Impressions from the Microsoft Pan-African Innovative Teachers Forum 2008

Alan Yates and Ronald Ndungu

Alan Yates and Ronald Ndungu

A think tank for innovative eLearning projects: At the Microsoft Pan-African Innovative Teachers Forum, teachers from all around Africa had the opportunity to present their lessons and also took part in a variety of skills-development workshops. Altogether, the event brought together 37 teachers who are doing exciting projects using technology in their classrooms, all of them finalists in a competition organised by Microsoft. The participants constituted a representative cross-section of African countries and included Burkina Faso, Gabon, Ghana, Kenya, Madagascar, Mozambique, Namibia, Nigeria, Senegal, South Africa and Uganda, as well as the Seychelles and Mauritius.

To provide teachers with an opportunity to network and share ideas and also to allow them to make friends with colleagues in other countries who they can collaborate with on future projects was the main aim of Microsoft’s first Pan-African Innovative Teachers Forum, held at the Kofi Annan Center in Accra parallel to the eLearning Africa 2008. Another aim was to look for teachers whose lessons and projects showed exceptional innovation in terms of collaboration, the content produced or the impact made on the community. The Microsoft award was presented to the winners during the Forum.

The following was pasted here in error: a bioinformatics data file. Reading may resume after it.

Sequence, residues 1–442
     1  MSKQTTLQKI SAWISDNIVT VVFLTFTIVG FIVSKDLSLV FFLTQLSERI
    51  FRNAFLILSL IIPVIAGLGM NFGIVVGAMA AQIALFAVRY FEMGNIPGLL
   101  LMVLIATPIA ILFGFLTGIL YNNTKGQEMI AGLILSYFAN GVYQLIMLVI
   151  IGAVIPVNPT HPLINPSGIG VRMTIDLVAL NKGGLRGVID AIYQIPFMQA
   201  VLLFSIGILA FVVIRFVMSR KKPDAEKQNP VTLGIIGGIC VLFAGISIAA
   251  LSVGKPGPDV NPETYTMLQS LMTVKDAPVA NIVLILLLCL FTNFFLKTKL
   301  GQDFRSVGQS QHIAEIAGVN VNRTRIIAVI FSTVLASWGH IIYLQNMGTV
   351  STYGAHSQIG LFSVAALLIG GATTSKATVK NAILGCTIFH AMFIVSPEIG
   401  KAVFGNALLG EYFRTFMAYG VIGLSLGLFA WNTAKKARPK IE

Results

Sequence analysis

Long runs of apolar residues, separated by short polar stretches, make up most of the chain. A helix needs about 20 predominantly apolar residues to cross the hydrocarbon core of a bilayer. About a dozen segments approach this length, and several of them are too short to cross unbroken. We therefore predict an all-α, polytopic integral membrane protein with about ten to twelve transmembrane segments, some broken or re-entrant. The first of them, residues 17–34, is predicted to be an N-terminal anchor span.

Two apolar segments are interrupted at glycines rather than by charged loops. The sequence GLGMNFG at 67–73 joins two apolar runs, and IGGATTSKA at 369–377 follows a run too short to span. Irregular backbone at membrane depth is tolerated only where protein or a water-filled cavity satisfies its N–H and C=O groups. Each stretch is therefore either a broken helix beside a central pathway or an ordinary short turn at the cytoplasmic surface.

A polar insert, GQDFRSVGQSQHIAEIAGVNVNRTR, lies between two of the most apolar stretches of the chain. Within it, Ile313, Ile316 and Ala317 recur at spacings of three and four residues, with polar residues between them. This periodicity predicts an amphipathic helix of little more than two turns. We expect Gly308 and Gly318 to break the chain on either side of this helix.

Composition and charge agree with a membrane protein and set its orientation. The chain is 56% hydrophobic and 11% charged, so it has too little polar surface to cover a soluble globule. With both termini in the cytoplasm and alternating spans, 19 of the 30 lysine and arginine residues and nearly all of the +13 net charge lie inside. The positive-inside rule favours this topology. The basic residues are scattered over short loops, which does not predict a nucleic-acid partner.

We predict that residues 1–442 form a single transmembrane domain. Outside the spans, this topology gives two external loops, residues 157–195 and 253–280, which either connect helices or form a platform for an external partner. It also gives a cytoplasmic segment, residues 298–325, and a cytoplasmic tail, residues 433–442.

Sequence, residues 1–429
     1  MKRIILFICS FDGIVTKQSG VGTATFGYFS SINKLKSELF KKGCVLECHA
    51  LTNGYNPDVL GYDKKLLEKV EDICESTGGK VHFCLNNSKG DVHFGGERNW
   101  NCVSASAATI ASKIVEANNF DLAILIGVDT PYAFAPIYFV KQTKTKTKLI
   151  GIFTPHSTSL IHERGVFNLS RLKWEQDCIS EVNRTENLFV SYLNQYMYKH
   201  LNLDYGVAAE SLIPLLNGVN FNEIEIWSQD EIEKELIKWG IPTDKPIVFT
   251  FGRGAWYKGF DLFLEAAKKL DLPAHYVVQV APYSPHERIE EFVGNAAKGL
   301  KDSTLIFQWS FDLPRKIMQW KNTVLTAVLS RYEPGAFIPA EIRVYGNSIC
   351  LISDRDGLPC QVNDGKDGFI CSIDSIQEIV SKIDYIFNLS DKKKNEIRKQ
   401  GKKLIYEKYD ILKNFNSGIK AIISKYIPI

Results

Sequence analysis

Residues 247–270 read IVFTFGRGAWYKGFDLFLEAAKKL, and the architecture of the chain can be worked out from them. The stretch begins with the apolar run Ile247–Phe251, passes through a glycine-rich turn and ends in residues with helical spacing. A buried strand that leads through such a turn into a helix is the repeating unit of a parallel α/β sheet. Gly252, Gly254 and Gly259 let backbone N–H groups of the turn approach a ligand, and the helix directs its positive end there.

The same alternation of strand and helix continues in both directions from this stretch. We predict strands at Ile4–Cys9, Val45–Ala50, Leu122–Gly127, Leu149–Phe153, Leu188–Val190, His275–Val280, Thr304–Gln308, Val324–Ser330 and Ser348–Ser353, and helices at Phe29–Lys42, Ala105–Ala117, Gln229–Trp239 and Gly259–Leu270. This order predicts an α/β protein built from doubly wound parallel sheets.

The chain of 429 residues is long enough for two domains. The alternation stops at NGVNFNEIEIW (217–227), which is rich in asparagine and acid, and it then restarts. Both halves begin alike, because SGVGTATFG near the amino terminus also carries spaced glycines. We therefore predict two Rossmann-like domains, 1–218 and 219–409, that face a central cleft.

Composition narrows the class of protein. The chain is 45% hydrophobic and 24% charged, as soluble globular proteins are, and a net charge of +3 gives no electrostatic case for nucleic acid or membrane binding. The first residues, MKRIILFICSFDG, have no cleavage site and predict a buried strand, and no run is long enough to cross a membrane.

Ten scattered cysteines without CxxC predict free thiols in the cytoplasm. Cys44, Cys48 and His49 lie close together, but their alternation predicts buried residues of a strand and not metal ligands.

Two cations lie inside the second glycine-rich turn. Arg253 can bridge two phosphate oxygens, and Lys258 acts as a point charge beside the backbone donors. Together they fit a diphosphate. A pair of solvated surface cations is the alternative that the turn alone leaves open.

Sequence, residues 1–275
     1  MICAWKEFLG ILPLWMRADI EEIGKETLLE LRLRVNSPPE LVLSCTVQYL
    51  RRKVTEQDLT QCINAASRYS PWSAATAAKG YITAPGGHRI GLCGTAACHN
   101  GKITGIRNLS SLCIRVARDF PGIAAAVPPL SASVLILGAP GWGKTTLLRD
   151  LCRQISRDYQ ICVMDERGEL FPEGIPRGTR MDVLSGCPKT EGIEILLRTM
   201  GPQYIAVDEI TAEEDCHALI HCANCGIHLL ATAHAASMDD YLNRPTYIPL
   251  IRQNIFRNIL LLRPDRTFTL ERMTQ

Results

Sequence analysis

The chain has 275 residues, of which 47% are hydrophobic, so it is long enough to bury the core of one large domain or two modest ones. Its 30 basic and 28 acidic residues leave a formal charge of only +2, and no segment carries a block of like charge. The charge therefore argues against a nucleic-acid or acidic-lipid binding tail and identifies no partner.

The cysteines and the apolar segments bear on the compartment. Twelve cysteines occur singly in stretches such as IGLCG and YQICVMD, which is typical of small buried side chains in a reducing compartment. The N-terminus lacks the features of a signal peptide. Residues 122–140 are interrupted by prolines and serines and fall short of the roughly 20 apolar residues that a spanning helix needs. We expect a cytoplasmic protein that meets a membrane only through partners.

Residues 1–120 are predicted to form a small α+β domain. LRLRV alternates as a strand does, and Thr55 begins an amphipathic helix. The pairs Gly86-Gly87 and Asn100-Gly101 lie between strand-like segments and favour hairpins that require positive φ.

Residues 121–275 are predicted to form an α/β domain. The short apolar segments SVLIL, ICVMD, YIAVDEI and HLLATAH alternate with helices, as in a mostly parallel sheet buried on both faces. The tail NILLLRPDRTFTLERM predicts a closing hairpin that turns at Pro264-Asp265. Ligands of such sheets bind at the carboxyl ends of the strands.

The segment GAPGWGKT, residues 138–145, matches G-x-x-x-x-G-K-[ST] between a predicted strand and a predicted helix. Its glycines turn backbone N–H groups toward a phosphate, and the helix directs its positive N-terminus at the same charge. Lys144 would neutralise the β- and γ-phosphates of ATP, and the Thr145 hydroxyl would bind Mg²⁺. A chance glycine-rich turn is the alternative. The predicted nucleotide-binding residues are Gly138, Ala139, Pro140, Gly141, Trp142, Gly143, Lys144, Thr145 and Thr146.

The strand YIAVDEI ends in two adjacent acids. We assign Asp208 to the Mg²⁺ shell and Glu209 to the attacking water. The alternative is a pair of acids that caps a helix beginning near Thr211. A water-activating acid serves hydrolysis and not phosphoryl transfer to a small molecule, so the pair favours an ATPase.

The opportunities offered were highly appreciated by the participants at the Kofi Annan Center. A further aim of the Forum was to expose teachers to new ideas, technologies and projects for potential use in their classrooms, which was done in a series of workshops. The participants all agreed that they had learnt something from the event and that they had come away with a range of ideas to help them to continue to teach in an innovative way. Following a judging process before and during the event, four teachers were acknowledged as winners in the following categories by Alan Yates, Microsoft’s General Manager, Worldwide Education.


Ronald Ddungu of Gayaza High School in Uganda won an award for his project on Education for Sustainability. This project was conducted with 13 – 19 year old Mathematics and Physics students. The project had three components:

  • Community Outreach, in which senior students were required to teach mathematics to students in a nearby primary school using ICT to prepare the resources;
  • Building Networks, in which students were required to organize an online seminar that had a one-day face-to-face session; and
  • Environmental Education, in which several groups developed and tested lessons in Mathematics and Physics.


More award winners:

Innovation in Collaboration
Iyke Chukwu of Government Science & Technical
College in Garki, Nigeria won this award for his project on Diverse Cultures.

Innovation in Content
Ousmane Diouf of CEM Diery Fall in Senegal received this award for his Electronic Alarm Systems project.

Peer Review Award
In addition to the awards that were determined by the panel of judges, a Peer Review Award was also awarded to the teacher voted for as the “most innovative” by his or her fellow teachers. This accolade was awarded to Marie-May Iman of Plaisance Secondary School in the Seychelles for her “Tracking Sea Turtles” project.

About the Innovative Teachers Forum:
Microsoft introduced its Innovative Teacher Forums in 2005. Since then, the event has assumed global dimensions. Several regional forums are held around the world to help create communities of teachers who can share ideas and practices of technology integration in the educational process with their peers and facilitate the creation of collective knowledge. A follow-up to the regional forums is the Microsoft Worldwide Innovative Teachers Forum, which will be held this November in Thailand.



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